I am praying Psalm 46 along with them:

God is our refuge and strength, an ever-present help in trouble. Therefore we will not fear, though the earth give way and the mountains fall into the heart of the sea, though its waters roar and foam and the mountains quake with their surging..."Be still and know that I am God; I will be exalted among the nations, I will be exalted in the earth." The LORD Almighty is with us; the God of Jacob is our fortress.
Psalm 46:1-3, 10

To donate to Asian Access' relief efforts and join the work God is doing in Japan, please send checks marked
"Japan Tsunami Relief Fund" to:
Asian Access
P.O. Box 200
San Dimas, CA 91773 USA

Wednesday, March 9, 2011

Lenten Beginnings

It's Ash Wednesday, the first day of Lent.

Once again my Baptist upbringing puts me at a disadvantage when it comes to the rhythms of this liturgical season. But I am learning. I've never been to an Ash Wednesday service, nor do I feel that it's especially important. I do, however, want to temper my heart these next 40 days to think about the Cross and what it means for every nook and cranny of my life.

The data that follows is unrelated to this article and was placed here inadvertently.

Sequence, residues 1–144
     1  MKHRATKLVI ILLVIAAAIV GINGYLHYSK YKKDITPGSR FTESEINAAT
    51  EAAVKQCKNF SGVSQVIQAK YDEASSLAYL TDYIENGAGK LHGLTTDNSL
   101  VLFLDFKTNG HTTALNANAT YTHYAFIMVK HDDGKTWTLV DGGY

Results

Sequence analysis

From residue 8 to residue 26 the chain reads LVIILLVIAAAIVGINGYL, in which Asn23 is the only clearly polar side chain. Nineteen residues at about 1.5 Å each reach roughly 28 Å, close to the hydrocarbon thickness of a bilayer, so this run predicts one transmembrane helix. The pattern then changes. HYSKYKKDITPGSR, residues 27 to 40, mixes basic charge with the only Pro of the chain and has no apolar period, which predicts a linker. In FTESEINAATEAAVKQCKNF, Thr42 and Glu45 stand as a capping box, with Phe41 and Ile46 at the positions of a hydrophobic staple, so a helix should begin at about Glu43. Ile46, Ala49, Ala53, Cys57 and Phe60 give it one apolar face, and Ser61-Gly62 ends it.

Of course Lauren Winner's words are helpful as I think about becoming a person who lets the traditions of the church rub up against my here-in-this-moment life more than my Baptist forefathers might approve. From Girl Meets God: "During Lent, I don't have that always-cure, and I find myself, not surprisingly, praying more."